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the semantic web a gide to the future of XML, Web Services and Knowledge Management - Daconta M,C.

Daconta M,C. the semantic web a gide to the future of XML, Web Services and Knowledge Management - Wiley publishing , 2003. - 304 p.
ISBN 0-471-43257-1
Download (direct link): thesemanticwebguideto2003.pdf
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DOM Level 3. This extends Level 2 by adding support for mixed vocabularies (different namespaces), XPath expressions (XPath is discussed in detail in Chapter 6), load and save methods, and a representation of abstract schemas (includes both DTD and XML Schema). XPath is a language to select a set of nodes within a document. Load and save methods specify a standard way to load an XML document into a DOM and a way to save a DOM into an XML document. Abstract schemas provide classes to represent DTDs and schemas and operations on the schemas.
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Chapter 3
In summary, the Document Object Model is an in-memory representation of an XML or HTML document and methods to manipulate it. DOMs can be loaded from XML documents, saved to XML documents, or dynamically generated by a program. The DOM has provided a standard set of classes and APIs for browsers and programming languages to represent XML and HTML. The DOM is represented as a set of interfaces with specific language bindings to those interfaces.
Impact of XML on Enterprise IT
XML is pervading all areas of the enterprise, from the IT department to the intranet, extranet, Web sites, and databases. The adoption of XML technology has moved well beyond early adopters into mainstream use and has become integrated with the majority of commercial products on the market, either as a primary or enabling technology. This section examines the current and future impact of XML in 10 specific areas:
Data exchange and interoperability. XML has become the universal syntax for exchanging data between organizations. By agreeing on a standard schema, organization can produce these text documents that can be validated, transmitted, and parsed by any application regardless of hardware or operating system. The government has become a major adopter of XML and is moving all reporting requirements to XML. Companies report financial information via XML, and local governments report regulatory information. XML has been called the next Electronic Data Interchange (EDI) system, which formerly was extremely costly, was cumbersome, and used binary encoding. The reasons for widespread adoption in this area are the same reasons for XML success (listed earlier in this chapter). Easy data exchange is the enabling technology behind the next two areas: ebusiness and Enterprise Application Integration.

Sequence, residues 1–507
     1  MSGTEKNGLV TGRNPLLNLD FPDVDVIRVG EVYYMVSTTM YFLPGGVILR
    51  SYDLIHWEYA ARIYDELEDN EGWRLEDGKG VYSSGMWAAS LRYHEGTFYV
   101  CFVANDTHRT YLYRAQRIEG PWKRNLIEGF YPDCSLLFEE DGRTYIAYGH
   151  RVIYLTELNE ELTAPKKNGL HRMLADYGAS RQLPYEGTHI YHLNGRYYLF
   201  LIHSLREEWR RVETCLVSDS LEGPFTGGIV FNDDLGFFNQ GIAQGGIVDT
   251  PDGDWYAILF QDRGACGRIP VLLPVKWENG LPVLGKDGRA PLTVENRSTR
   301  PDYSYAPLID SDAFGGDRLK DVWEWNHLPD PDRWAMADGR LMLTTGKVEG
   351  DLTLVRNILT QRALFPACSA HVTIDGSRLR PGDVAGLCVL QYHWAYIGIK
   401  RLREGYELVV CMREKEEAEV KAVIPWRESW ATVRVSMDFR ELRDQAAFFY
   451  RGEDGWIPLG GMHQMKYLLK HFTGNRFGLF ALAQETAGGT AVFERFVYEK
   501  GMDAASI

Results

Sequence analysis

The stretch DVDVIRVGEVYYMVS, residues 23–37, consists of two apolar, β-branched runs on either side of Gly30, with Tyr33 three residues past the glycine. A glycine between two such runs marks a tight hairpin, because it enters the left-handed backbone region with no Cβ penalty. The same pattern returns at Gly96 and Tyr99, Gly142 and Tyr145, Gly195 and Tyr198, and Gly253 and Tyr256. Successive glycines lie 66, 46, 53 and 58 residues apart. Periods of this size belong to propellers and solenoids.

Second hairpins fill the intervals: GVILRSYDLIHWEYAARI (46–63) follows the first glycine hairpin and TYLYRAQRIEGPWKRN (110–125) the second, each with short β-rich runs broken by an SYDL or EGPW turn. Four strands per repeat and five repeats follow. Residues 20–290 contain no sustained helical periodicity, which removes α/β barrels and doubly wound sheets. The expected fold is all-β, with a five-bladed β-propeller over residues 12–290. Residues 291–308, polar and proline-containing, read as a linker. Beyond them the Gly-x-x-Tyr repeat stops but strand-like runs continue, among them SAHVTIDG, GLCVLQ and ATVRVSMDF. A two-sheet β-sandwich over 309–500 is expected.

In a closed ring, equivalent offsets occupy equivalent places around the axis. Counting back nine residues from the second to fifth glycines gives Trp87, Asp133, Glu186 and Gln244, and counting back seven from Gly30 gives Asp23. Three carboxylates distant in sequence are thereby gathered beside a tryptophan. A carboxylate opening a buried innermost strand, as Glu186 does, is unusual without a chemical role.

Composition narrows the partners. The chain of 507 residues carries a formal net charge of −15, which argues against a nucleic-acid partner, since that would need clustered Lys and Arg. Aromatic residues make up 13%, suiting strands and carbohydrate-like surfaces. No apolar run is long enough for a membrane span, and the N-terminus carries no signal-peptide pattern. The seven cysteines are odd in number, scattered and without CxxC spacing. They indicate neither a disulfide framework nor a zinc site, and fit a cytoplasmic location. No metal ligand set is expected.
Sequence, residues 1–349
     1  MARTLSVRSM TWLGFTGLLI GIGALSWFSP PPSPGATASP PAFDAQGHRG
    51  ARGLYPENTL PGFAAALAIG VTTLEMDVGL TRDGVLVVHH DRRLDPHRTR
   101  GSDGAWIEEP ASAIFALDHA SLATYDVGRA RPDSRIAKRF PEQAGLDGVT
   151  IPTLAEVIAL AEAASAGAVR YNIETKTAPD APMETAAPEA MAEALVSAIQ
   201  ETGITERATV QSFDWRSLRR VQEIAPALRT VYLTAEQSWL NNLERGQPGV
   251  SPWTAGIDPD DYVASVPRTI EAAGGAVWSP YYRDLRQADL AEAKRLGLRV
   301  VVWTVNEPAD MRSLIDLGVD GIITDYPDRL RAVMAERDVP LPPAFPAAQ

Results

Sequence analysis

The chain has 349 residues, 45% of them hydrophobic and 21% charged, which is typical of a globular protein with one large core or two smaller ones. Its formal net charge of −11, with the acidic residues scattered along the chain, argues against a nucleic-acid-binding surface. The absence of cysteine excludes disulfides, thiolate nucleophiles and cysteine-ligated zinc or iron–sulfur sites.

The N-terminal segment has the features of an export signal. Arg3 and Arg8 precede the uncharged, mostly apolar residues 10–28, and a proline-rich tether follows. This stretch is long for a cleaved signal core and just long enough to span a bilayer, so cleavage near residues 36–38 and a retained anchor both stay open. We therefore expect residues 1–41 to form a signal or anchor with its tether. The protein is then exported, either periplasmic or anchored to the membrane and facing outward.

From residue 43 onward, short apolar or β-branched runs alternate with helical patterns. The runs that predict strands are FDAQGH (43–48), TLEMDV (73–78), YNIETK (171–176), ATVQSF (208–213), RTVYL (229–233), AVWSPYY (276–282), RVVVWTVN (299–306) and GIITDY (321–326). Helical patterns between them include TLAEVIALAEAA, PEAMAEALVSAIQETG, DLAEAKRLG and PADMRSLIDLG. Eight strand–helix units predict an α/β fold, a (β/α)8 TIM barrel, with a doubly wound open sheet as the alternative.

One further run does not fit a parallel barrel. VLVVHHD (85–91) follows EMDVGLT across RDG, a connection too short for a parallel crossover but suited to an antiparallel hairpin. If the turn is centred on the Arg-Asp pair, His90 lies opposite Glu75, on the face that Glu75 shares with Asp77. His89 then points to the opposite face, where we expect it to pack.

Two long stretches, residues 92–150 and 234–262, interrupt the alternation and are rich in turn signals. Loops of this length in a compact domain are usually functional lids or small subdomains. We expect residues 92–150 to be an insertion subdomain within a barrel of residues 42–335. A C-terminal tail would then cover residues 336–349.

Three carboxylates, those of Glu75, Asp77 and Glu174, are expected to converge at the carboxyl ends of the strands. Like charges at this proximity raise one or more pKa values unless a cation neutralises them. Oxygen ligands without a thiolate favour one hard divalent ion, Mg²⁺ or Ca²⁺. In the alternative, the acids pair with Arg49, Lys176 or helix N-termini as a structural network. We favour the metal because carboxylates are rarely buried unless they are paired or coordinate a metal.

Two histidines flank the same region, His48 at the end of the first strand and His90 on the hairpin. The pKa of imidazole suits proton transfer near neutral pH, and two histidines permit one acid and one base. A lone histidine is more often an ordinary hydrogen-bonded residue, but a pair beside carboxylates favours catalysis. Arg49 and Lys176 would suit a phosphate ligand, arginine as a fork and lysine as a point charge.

Ebusiness. Business-to-business (B2B) transactions have been revolutionized through XML. B2B revolves around the exchange of business messages to conduct business transactions. There are dozens of commercial products supporting numerous business vocabularies developed by RosettaNet, OASIS, and other organizations. Case studies and success stories abound from top companies like Coca-Cola, IBM, Cardinal Health, and Fannie Mae. Web services and Web service registries are discussed in Chapter 4 and will increase this trend by making it even easier to deploy such solutions. IBM's Chief Information Officer, Phil Thompson, recently stated in an interview on CNET, "We have $27 billion of e-commerce floating through our systems at an operating cost point that is giving us leverage for enhanced profitability."
Understanding XML and Its Impact on the Enterprise
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Enterprise Application Integration (EAI). Enterprise Application Integration is the assembling of legacy applications, databases, and systems to work together to support integrated Web views, e-commerce, and Enterprise Resource Planning (ERP). The Open Applications Group (www .openapplications.org) is a nonprofit consortium of companies to define standards for application integration. It currently boasts over 250 live sites and more than 100 vendors (including SAP, PeopleSoft, and Oracle) supporting the Open Applications Group Integration Specification (OAGIS) in their products. David Chappell writes, "EAI has proven to be the killer app for Web services."2
Enterprise IT architectures. The impact of XML on IT architectures has grown increasingly important as a bridge between the Java 2 Enterprise Edition (J2EE) platform and Microsoft's .NET platform. Large companies are implementing both architectures and turning to XML Web services to integrate them. Additionally, XML is influencing development on every tier of the N-tier network. On the client tier, XML is transformed via XSLT to multiple presentation languages like Scalable Vector Graphics (SVG). SVG is discussed in Chapter 6. On the Web tier, XML is used primarily as the integration format of choice and merged in middleware. Additionally, XML is used to configure and deploy applications on this tier like Java Server Pages (JSP) and Active Server Pages (ASP). In the back-end tier, XML is being stored and queried in relational databases and native XML databases. A more detailed discussion of this is provided later in this section.
Content Management Systems (CMS). CMS is a Web-based system to manage the production and distribution of content to intranet and Internet sites. XML technologies are central to these systems in order to separate raw content from its presentation. Content can be transformed on the fly via the Extensible Stylesheet Language Transformation (XSLT) to browsers or wireless clients. XSLT is discussed in Chapter 6. The ability to tailor content to user groups on the fly will continue to drive the use of XML for CMS systems.
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